If a qualified beneficiary would have been required to make a COBRA election by March 1, 2020, the joint notice delays that requirement until Feb. 28, 2021, which is the earlier of one year from March 1, 2020 or the end of the outbreak period (which remains ongoing).

If a qualified beneficiary would have been required to make a COBRA election by March 1, 2021, the joint notice delays that election requirement until the earlier of one year from that date (i.e., March 1, 2022) or the end of the outbreak period.

If a plan would have been required to furnish a notice or disclosure by March 1, 2020, the relief under the 2020 notices would end regarding that notice or disclosure on Feb. 28, 2021. The responsible plan fiduciary would be required to ensure that the notice or disclosure was furnished on or before March 1, 2021.

In all of these examples, the delay for required or permitted actions that the 2020 notices provide does not exceed one year.

The DOL says that it recognizes that affected plan participants and beneficiaries may continue to experience problems since pandemic continues, even though the relief under the 2020 notices is no longer available due to the statutory one-year limit on the agencies’ authority to grant relief.

The DOL notes in Notice 2021-01 that the “guiding principle for administering employee benefit plans is to act reasonably, prudently and in the interest of the workers and their families who rely on their health, retirement and other employee benefit plans for their physical and economic well-being.” And this, the DOL says, means that plan fiduciaries should make reasonable accommodations to prevent loss of benefits and “undue delay” in providing benefits and should “minimize the possibility of individuals losing benefits because of a failure to comply with pre-established time frames.”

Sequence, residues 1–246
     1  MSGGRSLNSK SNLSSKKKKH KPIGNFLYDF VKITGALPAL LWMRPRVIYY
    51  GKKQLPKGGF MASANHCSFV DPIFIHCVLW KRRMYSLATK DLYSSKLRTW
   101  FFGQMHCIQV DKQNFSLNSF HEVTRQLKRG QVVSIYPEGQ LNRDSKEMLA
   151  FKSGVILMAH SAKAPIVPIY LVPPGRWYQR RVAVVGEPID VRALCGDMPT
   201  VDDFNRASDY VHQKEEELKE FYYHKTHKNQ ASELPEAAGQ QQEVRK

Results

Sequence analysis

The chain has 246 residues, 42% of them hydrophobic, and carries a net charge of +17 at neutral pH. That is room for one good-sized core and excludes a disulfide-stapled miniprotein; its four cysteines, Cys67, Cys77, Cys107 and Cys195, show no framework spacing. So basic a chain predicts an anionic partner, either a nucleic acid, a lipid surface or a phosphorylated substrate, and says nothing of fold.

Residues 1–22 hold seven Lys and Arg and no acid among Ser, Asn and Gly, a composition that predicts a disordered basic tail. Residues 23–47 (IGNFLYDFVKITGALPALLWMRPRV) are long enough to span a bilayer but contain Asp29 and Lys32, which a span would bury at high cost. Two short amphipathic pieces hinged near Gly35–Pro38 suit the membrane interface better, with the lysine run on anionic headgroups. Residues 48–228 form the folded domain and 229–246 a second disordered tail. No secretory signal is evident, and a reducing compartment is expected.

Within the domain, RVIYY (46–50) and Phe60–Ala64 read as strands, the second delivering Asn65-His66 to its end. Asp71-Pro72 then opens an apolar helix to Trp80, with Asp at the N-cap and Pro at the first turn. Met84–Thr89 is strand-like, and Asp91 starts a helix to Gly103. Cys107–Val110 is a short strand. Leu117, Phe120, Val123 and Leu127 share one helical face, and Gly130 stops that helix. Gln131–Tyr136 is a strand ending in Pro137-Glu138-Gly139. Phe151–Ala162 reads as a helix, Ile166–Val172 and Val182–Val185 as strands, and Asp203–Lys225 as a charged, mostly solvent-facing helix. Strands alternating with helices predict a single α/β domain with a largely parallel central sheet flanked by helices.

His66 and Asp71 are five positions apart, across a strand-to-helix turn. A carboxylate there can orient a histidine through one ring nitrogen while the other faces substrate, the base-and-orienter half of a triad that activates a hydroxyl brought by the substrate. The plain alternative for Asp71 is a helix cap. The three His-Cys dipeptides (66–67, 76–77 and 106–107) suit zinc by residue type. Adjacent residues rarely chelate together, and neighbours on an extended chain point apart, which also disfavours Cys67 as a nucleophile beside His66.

Comply, But We Understand if You Can’t

The DOL acknowledges that there may be instances when full and timely compliance with ERISA’s disclosure and claims processing requirements may not be possible. And it recognizes that such instances include when it is not possible for plans and service providers to comply with pre-established time frames for certain disclosures and decisions about claims when disruptions to a plan or service provider’s principal place of business occur due to a pandemic or natural disaster.

The DOL says that in the case of fiduciaries who have acted in good faith and with reasonable diligence under the circumstances, it will emphasize compliance assistance, as well as grace periods and other relief, in pursuing enforcement.

The DOL says that it coordinated this new guidance with the Treasury Department, IRS, and HHS, and that they concur regarding continuation of relief and the application of the laws under their jurisdiction. The agencies continue to monitor the effects of the COVID-19 outbreak as they relate to employee benefit plans, the DOL says; it adds that they “have been engaged with stakeholders regarding the continued need for relief.”

The agencies contend that preserving and protecting private-sector employee benefit plans may necessitate continued relief, and say they intend to: (1) continue engaging with those affected regarding whether, and how, to better tailor relief, and (2) focus on areas in which participants and beneficiaries continue to need relief as plans continue to move toward normal compliance.